As its supposed statutory support, EPA invokes a section of the Clean Air Act (section 111) that not only is inapplicable on its face, but that also contains a prohibition against its use as to sources already regulated under another section (112) -- which these sources are. 

For scientific support, EPA relies on what it calls "lines of evidence" that, to its mortal embarrassment, have been thoroughly invalidated by the failure of real-world evidence to support its projections of climate doom.  Its models for projecting warming have been shown to be fantasy by nearly two decades of flat global temperatures; and the physical mechanism by which EPA claims the warming is to occur has been demonstrated absent by the lack of any "hot spot" in the tropical troposphere.  And even EPA's crazy climate models can't project any benefit from the supposed emissions reductions of the CPP beyond a few hundredths of a degree -- well within the margin of error of any world temperature measurement system we can devise.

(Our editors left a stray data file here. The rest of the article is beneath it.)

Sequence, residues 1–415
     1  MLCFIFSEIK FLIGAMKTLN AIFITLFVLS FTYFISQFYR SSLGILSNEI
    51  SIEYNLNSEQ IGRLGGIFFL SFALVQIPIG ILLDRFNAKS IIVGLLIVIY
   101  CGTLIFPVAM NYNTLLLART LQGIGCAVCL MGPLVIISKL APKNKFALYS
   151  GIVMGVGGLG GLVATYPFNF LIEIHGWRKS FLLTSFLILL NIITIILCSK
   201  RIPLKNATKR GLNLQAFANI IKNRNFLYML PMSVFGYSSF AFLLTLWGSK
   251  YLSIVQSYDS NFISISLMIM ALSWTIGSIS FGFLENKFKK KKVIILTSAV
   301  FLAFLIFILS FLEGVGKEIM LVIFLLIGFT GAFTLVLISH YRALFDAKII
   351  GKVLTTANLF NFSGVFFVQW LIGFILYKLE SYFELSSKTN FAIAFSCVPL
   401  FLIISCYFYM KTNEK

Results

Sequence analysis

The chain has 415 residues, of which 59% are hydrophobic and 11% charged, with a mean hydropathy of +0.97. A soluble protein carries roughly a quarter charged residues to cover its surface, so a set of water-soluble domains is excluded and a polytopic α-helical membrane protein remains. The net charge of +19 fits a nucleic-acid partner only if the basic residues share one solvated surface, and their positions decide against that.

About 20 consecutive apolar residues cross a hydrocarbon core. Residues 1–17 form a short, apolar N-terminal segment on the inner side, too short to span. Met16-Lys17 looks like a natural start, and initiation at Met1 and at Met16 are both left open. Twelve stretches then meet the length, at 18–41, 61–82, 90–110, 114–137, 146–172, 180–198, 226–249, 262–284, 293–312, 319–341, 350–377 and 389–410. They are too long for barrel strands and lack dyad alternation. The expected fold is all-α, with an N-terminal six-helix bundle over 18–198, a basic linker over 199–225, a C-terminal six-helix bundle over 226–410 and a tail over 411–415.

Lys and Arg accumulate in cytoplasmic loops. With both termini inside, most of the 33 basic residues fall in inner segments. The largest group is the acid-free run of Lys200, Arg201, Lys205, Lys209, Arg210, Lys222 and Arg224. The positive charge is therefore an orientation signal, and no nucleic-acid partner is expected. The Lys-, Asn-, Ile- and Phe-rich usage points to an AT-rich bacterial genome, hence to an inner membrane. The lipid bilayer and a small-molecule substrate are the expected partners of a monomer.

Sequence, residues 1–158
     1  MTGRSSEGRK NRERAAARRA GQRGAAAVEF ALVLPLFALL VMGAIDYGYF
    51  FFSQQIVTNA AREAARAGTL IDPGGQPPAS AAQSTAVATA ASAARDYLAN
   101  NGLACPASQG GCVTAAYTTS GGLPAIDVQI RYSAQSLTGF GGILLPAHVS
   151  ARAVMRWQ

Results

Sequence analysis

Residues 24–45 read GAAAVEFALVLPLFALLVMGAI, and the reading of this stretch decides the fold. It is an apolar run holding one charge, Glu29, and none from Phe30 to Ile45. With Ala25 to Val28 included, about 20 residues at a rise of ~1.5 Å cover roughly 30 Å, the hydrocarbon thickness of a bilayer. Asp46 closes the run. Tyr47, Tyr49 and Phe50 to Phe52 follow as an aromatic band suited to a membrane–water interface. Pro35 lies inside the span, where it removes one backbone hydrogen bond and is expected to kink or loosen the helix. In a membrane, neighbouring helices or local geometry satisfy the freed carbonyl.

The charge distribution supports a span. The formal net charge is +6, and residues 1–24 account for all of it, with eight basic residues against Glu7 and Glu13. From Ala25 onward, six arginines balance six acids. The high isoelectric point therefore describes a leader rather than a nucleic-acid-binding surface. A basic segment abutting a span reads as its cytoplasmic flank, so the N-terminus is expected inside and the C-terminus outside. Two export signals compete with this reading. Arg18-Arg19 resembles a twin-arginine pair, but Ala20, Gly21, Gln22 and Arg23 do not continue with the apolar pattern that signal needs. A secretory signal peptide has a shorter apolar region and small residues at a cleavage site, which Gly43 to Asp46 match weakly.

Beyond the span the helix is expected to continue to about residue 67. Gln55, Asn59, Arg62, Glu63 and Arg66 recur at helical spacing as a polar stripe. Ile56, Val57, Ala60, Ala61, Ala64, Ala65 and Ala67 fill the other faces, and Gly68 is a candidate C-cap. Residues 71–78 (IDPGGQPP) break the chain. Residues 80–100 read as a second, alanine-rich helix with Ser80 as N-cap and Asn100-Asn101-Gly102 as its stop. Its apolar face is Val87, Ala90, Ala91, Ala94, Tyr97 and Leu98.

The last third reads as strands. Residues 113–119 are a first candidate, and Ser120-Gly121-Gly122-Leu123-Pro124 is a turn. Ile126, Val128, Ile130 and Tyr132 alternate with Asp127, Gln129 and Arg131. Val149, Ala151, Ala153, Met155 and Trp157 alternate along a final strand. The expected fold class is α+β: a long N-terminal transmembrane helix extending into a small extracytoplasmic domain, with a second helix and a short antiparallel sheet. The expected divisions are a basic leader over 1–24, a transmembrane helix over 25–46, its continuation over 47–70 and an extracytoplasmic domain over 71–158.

Yet with neither statutory nor scientific support, until stopped yesterday by the Supreme Court, EPA marched forward to impose tens and hundreds of billions of dollars of costs on the American people.  Without doubt, there is that frisson of excitement that the bureaucrat can get from forcing the yokels in coal-dependent states like West Virginia, Ohio, Kentucky and Georgia to pay double and triple for their electricity.  Now, at least the basis for that power grab will be tested by the courts before it can be put into effect.  And with a hard look at the statute and the science, there is even a likelihood that the courts will save us from EPA's madness.